Seen as an affront to the Vietnamese state, raves which carry any political message are “too much of a risk,” says Abi. The conservative government hardened its stance on drugs after seven drug-related deaths at Hanoi’s Trip to the Moon festival in 2018. Despite this minefield of police raids and regulation, they’ve largely avoided run-ins with the Saigonese authorities since their first rave in October 2019. “The number one rule is don’t talk shit about the government,” she underlines.

Nhạc Gãy prides itself on being an assortment of rookies still learning from each other. In Vietnamese, ‘gãy’ means ‘broken’; their mission revolves around DIY forms of self-expression, however imperfect or nonsensical they turn out to be. It was “broken from its birth,” says Anh Phi. Having neither role models nor DJ classes to learn from, the crew pitched in to buy a controller and began messing around with it. They watched YouTube videos and picked up tips from the Arcan club owner, Goss.


In the early days, mistakes were common. Abi explains that whenever they made a wobbly transition, they would jokingly call it ‘gãy’. But that didn’t matter, and this haphazardness worked well with their favoured tempo and genre clashes. “To be honest, musically, it was messy, but we felt that it’s part of the spirit of Gãy. We didn’t want to be too purist, which can be the case in techno or house scenes,” says Anh Phi. Perfecting technique was far less important than playing diverse, adventurous sets that would surprise their partygoers, 95% of whom are locals.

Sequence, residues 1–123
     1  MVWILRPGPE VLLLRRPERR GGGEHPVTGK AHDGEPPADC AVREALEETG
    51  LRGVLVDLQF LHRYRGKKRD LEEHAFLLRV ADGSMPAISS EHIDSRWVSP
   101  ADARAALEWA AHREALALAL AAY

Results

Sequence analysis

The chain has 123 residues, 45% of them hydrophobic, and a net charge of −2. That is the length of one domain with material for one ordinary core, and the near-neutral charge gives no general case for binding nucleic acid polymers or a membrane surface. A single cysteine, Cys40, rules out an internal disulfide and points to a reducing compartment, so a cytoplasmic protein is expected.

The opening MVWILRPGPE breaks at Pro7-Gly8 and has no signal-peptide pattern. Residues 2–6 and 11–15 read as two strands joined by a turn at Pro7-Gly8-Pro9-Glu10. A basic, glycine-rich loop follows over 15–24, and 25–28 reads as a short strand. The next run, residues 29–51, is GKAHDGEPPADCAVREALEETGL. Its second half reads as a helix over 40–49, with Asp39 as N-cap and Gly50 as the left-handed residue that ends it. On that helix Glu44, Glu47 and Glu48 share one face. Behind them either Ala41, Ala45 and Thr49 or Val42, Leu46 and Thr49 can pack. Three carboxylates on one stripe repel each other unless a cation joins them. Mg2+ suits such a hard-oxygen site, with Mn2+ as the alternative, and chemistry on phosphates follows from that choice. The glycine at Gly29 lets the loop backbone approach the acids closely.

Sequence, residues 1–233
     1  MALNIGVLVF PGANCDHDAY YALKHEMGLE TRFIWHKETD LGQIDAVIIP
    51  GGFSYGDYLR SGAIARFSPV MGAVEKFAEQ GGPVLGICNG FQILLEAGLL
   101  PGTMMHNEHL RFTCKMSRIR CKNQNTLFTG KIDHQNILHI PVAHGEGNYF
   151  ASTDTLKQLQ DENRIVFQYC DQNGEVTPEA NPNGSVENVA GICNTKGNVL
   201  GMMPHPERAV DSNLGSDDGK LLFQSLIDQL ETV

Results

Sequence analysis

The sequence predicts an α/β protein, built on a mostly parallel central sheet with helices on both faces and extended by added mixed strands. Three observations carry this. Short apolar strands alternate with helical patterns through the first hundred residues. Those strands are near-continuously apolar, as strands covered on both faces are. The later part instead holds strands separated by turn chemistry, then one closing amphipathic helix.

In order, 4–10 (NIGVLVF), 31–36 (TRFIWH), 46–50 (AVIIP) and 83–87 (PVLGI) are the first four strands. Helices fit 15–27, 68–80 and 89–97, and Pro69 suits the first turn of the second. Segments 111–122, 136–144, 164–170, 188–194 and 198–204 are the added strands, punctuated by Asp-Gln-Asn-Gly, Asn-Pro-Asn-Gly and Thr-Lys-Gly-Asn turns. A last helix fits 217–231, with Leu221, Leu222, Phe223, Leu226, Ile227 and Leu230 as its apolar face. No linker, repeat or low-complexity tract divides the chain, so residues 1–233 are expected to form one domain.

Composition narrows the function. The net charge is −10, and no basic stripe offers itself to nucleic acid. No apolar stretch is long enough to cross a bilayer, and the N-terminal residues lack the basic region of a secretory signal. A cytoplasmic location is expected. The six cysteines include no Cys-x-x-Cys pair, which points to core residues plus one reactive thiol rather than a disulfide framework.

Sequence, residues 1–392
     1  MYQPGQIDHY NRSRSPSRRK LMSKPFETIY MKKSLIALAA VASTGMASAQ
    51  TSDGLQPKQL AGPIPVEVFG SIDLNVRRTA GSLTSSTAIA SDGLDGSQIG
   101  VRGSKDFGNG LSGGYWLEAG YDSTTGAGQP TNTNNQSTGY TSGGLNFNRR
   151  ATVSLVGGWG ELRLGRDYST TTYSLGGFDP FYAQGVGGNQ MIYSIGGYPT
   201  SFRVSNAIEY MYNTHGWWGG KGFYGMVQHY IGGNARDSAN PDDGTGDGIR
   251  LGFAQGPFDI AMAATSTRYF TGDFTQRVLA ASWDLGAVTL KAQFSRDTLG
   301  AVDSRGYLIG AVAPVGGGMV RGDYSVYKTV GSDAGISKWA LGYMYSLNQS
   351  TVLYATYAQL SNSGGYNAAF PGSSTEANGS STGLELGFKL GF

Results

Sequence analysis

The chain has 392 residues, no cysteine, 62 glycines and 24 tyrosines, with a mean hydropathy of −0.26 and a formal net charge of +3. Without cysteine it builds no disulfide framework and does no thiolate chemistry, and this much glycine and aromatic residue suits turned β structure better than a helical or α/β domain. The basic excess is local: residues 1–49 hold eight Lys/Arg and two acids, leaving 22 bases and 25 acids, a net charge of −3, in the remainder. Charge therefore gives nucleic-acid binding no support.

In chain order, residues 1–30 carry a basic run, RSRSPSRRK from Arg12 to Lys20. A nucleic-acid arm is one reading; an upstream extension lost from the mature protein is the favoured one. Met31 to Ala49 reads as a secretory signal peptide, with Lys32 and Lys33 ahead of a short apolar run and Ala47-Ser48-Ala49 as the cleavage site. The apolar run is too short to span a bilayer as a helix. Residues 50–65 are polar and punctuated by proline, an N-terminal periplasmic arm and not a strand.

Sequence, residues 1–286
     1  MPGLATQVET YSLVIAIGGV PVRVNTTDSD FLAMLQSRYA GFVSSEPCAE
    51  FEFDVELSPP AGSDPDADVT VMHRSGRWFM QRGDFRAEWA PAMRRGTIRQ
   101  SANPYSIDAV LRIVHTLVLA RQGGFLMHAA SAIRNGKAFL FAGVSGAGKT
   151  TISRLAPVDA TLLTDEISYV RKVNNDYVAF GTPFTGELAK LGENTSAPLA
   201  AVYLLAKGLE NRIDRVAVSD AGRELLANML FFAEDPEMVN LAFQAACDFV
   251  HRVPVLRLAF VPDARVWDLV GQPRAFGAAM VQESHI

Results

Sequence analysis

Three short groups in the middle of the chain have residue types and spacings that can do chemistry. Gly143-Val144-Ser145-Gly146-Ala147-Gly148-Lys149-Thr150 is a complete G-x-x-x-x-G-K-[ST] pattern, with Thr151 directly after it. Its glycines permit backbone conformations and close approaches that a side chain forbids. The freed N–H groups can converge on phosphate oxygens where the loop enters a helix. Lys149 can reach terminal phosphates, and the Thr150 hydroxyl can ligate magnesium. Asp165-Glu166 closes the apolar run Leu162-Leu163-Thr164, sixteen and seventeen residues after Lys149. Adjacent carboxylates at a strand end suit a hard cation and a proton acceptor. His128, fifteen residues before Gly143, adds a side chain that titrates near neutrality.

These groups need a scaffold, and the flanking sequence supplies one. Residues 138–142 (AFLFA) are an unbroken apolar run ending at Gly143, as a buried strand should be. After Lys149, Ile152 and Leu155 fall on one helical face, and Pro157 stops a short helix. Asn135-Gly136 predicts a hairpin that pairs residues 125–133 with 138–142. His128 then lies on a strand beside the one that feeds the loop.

The shutting of borders during COVID-19 encouraged the crew to pass skills on to budding DJs in their neighbourhoods. Nhạc Gãy’s performers and organisers work for free, and foregoing profits is a conscious choice. Without commercial pressures or expats to please, the assemblage they showcase — and their raves — can take on different forms.

That way of thinking resonated with the capital’s youth: Gãy’s raves became a melting pot for all kinds of generational, social, racial and gender identities. They dedicate their energy to creating a space where everyone can feel they belong. With giant balloons a favourite amongst Gãy crowds, the watchword is always fun. “It’s like a different world — just you, the music and dance,” says Abi. “You get to be yourself.”

While Nhạc Gãy avoid making loud political statements, breaking the silence on mental illness is urgent to the founders, some of whom have lost several friends to suicide. In Vietnam, where access to healthcare is precarious, mental health treatment is rare, expensive and stigmatised. Amongst creatives in the LGBTQ+ community, “it’s even harder to speak the truth,” explains Abi. This is why Nhạc Gãy started a podcast, InPsychOut, where they spread awareness and tackle taboos in collaboration with health professionals. “If no-one can help protect you, you’ve got to do it yourself.”